A Radical Defence of the Balanced Diet

Label's founder, Jo Boon, discusses the 'clean-eating' trend, its flaws and the importance of a balanced diet.

Every month there seems to be some new fitness or dieting trend that obsesses social media for a few weeks before fading away for the latest fad and, of course, the latest thing you need to spend money on. Dieting is a multi- billion-dollar industry and trends are what keep the profits ticking over. The big question though is: do they actually work? Well, for the most part, no.

The biggest trend, one that has stuck around in different forms for a fair old while now, is the trend of ‘clean eating.’ Despite there being little scientific evidence to support the benefits of so- called clean eating, and lots of evidence to suggest there is harm in depriving your body of lots of things it needs, the industry keeps on growing.

I can see the appeal; people like to feel that they are doing something to maximise health, they like to belong and there is a real sense of community around the clean-eating trend, and other dieting fads. The industry is mainly, although by no means exclusively, targeting itself at cis- female, white, middle class women who share gorgeous looking photos of food on clear white backgrounds and/or shots of them smiling serenely and looking flawless. Who wouldn’t be tempted? If you follow this trend you will be part of this group, lose weight, which means looking prettier, which means being happier - right? Wrong. If cracking the code for healthiness and happiness were this simple we would all be living pretty straightforward lives.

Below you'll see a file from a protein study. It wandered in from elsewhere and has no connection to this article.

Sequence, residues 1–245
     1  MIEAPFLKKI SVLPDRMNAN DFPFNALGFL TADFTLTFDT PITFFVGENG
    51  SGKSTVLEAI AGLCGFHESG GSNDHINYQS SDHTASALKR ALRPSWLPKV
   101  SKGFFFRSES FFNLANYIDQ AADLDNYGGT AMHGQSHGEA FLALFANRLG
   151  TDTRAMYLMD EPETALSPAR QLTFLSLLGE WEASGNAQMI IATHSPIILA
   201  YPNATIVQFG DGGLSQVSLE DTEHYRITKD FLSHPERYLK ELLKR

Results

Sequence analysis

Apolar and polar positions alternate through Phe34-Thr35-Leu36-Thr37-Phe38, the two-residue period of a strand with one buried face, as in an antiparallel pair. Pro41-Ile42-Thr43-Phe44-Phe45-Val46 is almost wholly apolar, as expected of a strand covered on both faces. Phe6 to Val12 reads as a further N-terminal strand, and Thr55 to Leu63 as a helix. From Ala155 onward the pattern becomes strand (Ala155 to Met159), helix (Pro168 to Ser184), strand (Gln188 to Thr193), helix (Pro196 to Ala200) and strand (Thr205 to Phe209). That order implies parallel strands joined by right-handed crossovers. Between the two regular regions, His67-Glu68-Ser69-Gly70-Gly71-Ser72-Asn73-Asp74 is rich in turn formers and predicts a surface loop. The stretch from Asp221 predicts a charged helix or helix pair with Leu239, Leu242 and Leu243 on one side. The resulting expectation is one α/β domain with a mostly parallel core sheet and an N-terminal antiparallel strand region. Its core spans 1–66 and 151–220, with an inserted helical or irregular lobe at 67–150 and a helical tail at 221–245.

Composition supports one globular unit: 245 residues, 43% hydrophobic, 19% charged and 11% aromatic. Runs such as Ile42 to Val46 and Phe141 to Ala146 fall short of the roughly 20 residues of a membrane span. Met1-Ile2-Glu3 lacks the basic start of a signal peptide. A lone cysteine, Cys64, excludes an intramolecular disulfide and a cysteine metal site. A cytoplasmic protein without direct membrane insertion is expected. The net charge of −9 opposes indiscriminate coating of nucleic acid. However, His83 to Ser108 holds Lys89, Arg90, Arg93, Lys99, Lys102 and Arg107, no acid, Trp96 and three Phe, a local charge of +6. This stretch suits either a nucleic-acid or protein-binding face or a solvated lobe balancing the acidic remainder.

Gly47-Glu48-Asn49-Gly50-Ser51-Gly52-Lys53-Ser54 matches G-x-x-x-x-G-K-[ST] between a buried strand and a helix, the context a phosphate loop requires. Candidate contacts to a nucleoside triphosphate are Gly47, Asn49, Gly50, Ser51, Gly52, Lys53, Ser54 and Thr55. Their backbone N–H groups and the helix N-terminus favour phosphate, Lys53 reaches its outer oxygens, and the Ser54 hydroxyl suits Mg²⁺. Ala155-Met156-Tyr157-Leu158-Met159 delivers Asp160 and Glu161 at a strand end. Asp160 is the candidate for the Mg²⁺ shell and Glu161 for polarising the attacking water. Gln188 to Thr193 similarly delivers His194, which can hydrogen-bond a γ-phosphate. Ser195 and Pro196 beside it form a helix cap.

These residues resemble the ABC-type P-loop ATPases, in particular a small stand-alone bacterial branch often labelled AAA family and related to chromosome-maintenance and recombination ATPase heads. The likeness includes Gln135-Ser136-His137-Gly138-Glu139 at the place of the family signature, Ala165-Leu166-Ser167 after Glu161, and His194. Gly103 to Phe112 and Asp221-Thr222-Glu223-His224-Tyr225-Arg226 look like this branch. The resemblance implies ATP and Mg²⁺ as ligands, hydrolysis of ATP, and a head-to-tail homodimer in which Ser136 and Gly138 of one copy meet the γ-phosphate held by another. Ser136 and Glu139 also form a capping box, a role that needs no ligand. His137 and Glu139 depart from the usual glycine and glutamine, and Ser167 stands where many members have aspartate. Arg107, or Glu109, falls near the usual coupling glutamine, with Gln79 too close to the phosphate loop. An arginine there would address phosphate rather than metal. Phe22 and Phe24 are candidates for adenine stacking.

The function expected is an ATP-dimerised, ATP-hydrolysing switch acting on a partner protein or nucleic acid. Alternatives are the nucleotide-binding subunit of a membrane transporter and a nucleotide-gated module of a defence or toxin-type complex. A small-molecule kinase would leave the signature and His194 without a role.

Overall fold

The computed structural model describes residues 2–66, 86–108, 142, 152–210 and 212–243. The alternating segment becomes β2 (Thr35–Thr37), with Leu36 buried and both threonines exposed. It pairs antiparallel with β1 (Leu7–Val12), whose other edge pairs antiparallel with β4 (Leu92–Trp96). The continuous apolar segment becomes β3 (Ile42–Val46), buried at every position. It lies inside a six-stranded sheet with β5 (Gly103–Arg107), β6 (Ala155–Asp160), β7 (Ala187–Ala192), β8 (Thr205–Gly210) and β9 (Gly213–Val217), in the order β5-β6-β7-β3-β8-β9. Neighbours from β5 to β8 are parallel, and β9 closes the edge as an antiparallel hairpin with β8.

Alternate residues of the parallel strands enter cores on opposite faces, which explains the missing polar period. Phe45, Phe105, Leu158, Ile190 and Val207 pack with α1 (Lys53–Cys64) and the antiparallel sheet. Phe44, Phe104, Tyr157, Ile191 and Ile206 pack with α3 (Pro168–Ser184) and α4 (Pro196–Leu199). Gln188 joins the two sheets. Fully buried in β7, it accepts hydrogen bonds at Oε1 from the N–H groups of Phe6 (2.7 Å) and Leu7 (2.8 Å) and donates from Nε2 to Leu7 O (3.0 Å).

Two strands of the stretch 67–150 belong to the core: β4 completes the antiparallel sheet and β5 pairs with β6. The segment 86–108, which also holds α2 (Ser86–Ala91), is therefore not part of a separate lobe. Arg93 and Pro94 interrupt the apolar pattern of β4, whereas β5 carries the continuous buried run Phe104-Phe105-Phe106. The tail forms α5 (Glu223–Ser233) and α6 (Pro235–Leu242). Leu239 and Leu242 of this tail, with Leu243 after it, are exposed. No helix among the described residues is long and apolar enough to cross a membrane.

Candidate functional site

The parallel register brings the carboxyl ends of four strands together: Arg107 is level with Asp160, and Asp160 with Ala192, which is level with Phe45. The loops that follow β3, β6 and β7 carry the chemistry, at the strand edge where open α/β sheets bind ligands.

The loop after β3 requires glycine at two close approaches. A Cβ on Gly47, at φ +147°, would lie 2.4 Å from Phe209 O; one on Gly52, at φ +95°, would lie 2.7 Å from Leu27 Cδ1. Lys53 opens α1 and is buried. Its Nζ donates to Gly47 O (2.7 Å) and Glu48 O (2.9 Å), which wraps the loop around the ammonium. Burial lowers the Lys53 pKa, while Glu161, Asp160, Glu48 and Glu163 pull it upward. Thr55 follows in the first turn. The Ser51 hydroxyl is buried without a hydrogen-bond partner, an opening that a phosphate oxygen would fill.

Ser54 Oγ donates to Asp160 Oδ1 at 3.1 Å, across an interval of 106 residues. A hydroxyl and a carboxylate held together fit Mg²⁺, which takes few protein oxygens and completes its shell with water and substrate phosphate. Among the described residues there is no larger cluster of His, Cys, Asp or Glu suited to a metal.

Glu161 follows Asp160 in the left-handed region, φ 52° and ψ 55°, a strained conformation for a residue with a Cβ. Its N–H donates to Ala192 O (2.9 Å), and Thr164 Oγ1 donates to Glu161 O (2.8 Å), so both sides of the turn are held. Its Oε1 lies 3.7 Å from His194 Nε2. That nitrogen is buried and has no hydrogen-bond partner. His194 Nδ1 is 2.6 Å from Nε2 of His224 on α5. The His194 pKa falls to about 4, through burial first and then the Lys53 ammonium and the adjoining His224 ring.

The reality, however, is that dieting is hard, and finding happiness even more so. Depending on the extent to which you take it, there are real dangers to ‘clean eating’, and a balanced diet is a far better way to stay healthy. If you want to lose weight, first ask yourself these two questions: Do I really need to? And; why do I want to? You do not owe anyone but yourself an answer to these questions and there is very seldom a ‘right’ or ‘wrong’ answer, but it is worth asking yourself them before diving in.

If you do want to lose weight, or simply maintain the weight you are at, then the best thing you can do for your body is to have a balanced diet. You do not need to cut anything out entirely, or eat mountains of one particular food, you just need to be sensible. Go back to basics, look at the food pyramid and think about what you need. Sure, if you want to lose weight then you probably need to cut back on certain fats and carbohydrates and reduce your portions slightly, but this does not mean cutting them completely. The extremity of a lot of dieting trends is unhealthy.

We have come to link being slender with being virtuous - these two things are not connected and never have been. Everyone has a different shape and size that they settle at naturally and that is typically where we stay; it is difficult to lose weight after that point. Food is about staying healthy, giving your body what it needs and, if you are anything like me, having fun with what you make. Rather than focusing on dieting, trends, and looking a certain way, we need to shift the focus back on to being healthy. Having a balanced diet may sound terribly old fashioned, but it works.